Archive for February, 2010

New international seed fund! KIMA Ventures

February 15, 2010

Boy, have I waited to write about this!

Today is the official launch of Kima Ventures, a venture fund that seeks to invest in startups all over the world at the seed stage, in the internet sector but also mobile, video games and telecom.

Kima is very exciting because of the two entrepreneurs who started it. The first is Israel-based Jérémie Berrebi, founder of Net2One back in Bubble 1.0, a forerunner of Google News, and now Zlio, a create-your-own-online-shop site, and angel investor in countless startups. The second is Xavier Niel, the founder of Iliad, the most innovative ISP in France, and France’s first (and only?) self-made internet billionaire, who has also done some angel investing himself. So we are talking about two major league entrepreneurs and investors creating a fund to invest globally. Kima has set a goal to invest in over 100 startups in its first two years. They are willing to invest alongside other seed funds or angels, and will use their considerable network to help companies progress, including raising additional rounds from institutional VCs if they need to.

I helped Berrebi with the launch of the fund and can tell you a little bit about the vision for Kima. Kima wants to set itself apart from other funds in a variety of ways. First of all, they promise a firm answer within 2-4 weeks, which for anyone who’s been through the maddening dance of raising money is just heaven. Second of all, they will invest all over the world. And finally, they intend to help startups within their portfolio connect with each other to share insights and best practices. The long term goal is for Kima portfolio startups to be a deep and global ecosystem of entrepreneurs and companies.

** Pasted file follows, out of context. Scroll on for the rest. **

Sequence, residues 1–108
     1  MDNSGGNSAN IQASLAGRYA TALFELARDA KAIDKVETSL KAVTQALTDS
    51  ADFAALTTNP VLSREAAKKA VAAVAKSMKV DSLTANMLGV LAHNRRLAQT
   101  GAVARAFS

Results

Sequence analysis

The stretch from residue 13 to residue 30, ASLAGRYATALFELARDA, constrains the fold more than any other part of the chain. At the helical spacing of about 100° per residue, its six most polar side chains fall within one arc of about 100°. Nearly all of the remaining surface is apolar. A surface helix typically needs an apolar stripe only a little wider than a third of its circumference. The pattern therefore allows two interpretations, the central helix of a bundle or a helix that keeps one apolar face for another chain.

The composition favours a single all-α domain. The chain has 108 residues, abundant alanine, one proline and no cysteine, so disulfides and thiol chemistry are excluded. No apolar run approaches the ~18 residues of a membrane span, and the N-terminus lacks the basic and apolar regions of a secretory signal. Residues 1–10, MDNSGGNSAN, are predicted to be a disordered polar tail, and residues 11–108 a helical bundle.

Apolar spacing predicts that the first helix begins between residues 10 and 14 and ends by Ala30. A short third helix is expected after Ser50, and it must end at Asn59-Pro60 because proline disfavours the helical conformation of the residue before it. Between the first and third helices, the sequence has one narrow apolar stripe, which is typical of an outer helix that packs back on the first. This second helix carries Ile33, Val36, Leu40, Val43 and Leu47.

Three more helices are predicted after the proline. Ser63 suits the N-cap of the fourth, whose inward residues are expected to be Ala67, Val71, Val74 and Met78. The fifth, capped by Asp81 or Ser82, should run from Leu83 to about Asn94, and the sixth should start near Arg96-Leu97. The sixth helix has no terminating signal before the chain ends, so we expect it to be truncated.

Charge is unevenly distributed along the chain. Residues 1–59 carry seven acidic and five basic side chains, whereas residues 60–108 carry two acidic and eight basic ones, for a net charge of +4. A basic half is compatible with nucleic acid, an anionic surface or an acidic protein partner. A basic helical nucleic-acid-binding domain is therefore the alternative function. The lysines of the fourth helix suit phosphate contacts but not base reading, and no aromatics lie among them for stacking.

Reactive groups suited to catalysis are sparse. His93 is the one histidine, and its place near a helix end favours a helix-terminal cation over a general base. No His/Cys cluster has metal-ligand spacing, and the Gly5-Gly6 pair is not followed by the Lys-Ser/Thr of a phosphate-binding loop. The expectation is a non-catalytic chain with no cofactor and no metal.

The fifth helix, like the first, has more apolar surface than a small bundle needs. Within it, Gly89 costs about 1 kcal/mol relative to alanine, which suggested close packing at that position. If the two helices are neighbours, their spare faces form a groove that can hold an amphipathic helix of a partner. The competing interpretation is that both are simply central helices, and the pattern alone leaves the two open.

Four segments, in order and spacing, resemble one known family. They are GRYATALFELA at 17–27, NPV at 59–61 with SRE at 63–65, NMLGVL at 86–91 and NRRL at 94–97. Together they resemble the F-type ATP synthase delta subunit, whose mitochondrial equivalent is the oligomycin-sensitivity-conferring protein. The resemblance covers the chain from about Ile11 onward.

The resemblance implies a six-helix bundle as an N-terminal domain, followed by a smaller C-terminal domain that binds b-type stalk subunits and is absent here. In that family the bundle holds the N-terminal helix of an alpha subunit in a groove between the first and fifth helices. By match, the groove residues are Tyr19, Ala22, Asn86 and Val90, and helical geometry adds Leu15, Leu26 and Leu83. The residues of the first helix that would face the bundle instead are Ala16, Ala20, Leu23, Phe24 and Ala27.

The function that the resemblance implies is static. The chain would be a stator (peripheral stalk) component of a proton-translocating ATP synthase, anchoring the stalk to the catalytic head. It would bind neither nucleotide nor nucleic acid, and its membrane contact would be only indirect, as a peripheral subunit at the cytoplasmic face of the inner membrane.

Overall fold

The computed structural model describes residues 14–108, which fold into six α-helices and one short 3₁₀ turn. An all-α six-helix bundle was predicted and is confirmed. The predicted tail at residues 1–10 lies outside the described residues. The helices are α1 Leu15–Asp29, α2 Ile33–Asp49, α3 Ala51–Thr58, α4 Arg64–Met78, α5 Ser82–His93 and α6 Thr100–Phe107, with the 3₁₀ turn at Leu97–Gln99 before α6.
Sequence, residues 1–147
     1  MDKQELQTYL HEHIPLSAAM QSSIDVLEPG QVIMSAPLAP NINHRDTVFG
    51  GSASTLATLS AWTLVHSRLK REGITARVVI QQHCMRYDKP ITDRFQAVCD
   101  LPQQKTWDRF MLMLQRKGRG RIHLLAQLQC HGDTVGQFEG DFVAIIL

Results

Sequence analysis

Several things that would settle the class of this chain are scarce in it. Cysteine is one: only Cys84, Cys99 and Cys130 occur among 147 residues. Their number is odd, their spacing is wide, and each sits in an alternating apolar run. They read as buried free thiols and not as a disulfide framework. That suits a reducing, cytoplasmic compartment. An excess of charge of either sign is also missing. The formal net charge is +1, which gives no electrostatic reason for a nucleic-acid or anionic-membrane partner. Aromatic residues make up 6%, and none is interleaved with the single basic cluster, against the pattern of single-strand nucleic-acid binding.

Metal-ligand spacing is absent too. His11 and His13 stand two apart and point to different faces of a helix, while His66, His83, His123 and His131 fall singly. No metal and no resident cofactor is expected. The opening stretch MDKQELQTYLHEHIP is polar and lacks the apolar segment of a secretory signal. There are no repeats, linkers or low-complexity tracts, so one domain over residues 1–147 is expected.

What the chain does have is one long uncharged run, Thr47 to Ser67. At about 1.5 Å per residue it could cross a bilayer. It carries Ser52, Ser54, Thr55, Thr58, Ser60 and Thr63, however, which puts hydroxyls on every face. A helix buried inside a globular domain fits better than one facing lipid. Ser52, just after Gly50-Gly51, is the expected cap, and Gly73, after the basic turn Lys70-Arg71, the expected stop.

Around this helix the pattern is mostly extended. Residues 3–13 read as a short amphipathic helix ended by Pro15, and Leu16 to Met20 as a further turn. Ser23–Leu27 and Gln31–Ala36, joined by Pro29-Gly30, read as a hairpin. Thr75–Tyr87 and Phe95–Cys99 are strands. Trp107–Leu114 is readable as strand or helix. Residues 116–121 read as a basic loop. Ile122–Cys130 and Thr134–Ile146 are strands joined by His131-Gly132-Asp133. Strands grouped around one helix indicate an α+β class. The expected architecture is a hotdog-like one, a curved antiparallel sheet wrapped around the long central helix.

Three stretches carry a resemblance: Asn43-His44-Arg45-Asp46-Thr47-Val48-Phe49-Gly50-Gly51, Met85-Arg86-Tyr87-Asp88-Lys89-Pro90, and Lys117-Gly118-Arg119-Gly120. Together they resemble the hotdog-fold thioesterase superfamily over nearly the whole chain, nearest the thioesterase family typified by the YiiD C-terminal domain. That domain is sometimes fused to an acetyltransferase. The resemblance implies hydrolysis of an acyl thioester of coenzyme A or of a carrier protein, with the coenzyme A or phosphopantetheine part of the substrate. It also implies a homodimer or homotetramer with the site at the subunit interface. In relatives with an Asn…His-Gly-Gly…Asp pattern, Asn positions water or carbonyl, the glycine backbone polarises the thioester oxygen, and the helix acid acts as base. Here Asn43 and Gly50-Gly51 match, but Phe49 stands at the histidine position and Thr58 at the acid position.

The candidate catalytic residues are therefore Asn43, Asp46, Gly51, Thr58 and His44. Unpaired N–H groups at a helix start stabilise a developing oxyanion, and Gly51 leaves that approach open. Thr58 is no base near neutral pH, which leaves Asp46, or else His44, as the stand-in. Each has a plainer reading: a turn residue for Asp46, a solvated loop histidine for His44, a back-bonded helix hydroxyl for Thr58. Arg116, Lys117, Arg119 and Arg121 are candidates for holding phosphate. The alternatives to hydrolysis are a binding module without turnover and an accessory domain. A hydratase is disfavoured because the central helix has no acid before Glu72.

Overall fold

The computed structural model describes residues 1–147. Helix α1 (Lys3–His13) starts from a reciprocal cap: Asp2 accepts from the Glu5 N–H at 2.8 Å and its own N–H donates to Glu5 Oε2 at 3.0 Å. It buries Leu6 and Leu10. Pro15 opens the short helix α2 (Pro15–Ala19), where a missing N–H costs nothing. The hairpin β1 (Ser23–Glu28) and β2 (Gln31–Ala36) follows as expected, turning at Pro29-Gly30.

And finally, Kima’s investment philosophy is openly inspired by charge-for-stuff startup 37signals. They want their investment to help the startup get to profitability as soon as possible, ideally before their next round. No Twitter for those guys! (Even though Niel and Berrebi are both investors in, the “WordPress of microblogging”)

Given the record of the founders and their ambition, Kima is a really big deal, and I can’t wait to find out about the startups they’re going to invest in.